The generally poor history of agricultural land protection in Canada suggests that integrated, multi-tool approaches are required. In general, an integrated approach needs urban growth boundaries, protective zoning and economic incentives to assure the viability of farming. To make this a reality, municipalities need integrated, coordinated plans and provinces have to equip them with the tools to implement those plans properly.
Strengthen language in existing legislation
Amend municipal land use and growth plans to reflect strengthened language and a wider range of tools
Increase provincial oversight of municipal activities to ensure compliance and impose penalties for non-compliance
Agricultural land protection priority skills development for planners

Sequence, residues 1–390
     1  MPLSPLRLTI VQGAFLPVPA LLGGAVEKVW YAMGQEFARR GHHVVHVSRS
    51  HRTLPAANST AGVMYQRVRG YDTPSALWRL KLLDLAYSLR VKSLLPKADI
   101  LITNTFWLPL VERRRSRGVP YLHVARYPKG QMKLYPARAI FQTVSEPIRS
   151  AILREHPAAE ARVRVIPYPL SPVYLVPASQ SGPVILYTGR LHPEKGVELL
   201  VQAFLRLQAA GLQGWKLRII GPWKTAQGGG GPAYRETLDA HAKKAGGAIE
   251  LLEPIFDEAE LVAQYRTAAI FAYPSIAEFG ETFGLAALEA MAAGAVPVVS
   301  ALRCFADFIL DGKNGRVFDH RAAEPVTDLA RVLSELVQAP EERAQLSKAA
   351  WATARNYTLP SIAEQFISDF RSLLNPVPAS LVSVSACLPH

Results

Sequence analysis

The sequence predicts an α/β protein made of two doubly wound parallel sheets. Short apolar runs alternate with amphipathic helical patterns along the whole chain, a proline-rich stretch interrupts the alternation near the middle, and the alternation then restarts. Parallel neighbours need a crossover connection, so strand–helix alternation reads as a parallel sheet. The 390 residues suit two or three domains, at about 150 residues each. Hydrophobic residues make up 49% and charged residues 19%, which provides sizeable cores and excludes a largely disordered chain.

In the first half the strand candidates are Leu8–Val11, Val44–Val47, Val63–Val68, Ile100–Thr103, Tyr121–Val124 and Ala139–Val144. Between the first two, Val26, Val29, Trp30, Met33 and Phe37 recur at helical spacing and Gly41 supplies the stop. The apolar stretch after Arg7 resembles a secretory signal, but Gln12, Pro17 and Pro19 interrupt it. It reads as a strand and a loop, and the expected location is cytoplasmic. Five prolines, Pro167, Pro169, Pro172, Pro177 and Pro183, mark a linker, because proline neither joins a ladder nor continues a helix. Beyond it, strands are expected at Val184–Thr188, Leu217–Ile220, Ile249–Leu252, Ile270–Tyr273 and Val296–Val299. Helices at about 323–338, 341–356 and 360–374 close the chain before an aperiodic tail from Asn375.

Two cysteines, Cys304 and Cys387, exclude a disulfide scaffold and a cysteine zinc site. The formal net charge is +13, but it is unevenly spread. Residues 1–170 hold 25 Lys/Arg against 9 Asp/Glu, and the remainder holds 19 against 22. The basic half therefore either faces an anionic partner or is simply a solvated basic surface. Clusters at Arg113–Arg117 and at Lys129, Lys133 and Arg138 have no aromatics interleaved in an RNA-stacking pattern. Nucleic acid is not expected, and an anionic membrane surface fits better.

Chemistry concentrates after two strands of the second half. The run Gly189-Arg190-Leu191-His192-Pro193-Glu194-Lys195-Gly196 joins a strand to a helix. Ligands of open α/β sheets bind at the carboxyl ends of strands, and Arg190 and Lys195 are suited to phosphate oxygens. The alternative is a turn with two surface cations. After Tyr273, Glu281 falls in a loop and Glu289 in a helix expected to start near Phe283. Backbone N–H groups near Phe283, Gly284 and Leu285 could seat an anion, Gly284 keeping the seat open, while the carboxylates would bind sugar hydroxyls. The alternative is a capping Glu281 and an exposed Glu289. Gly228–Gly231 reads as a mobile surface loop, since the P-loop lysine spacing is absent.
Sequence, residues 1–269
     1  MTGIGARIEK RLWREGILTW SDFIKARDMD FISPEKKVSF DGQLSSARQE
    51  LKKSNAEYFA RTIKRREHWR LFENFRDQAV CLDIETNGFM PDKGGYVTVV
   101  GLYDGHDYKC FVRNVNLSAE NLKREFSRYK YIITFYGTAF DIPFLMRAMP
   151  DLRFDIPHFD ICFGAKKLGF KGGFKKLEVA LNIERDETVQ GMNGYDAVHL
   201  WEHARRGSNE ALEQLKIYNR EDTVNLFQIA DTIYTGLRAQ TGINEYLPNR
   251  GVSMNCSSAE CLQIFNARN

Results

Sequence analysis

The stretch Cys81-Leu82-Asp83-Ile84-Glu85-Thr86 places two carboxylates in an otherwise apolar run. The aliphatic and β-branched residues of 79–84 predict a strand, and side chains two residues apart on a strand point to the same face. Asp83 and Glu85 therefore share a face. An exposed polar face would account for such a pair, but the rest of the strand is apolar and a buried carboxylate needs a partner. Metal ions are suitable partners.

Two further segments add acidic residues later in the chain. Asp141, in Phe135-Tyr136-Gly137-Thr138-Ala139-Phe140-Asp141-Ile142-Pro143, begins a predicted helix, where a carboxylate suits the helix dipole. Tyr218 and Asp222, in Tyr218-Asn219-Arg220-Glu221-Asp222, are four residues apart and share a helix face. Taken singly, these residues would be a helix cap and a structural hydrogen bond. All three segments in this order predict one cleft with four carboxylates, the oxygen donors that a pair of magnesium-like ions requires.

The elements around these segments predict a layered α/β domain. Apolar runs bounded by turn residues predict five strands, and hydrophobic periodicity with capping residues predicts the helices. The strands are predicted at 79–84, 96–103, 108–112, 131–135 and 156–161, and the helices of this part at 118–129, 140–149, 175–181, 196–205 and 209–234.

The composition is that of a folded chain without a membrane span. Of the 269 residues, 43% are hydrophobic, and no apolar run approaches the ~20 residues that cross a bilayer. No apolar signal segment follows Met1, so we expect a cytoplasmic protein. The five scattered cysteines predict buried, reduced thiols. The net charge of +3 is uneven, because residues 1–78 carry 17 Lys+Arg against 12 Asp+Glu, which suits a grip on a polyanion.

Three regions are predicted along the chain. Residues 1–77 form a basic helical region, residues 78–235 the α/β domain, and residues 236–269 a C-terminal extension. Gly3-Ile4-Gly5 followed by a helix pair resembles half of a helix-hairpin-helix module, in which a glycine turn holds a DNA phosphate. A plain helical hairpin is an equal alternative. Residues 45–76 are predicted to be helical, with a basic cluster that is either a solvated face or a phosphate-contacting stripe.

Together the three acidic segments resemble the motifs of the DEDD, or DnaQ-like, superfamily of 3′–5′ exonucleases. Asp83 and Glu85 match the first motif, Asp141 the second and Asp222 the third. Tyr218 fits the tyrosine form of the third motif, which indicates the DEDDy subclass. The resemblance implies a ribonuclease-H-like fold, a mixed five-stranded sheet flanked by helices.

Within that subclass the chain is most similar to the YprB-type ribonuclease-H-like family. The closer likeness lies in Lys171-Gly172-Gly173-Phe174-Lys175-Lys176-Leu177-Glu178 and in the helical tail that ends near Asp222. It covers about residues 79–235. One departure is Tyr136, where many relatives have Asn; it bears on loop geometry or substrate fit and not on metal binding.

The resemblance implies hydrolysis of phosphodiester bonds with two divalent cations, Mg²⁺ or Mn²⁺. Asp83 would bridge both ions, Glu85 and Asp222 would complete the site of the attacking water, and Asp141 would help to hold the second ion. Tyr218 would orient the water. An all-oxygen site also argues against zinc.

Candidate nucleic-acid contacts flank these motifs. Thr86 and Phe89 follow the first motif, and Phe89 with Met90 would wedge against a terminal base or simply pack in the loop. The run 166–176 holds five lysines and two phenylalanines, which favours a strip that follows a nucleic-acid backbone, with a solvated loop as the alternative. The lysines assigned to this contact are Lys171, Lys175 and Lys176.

Agricultural impact assessments by municipalities
Includes assessment of natural areas that provide ecological services to agriculture, eg. wetlands, forests, buffer areas.
Modify right to farm legislation and municipal by-laws, and improving Edge Planning tools to minimize farm / non-farm conflicts
Protect urban spaces for commercial production
- agricultural urbanism
- community-based farm districts
- Development cost charges to purchase agricultural land within urban boundaries
- Agricultural enterprise zones
- Producers required to follow sustainable practices
Improved monitoring of processes negatively affecting agricultural land
Municipalities must be legally required to report on agricultural land conversions and fragmentation.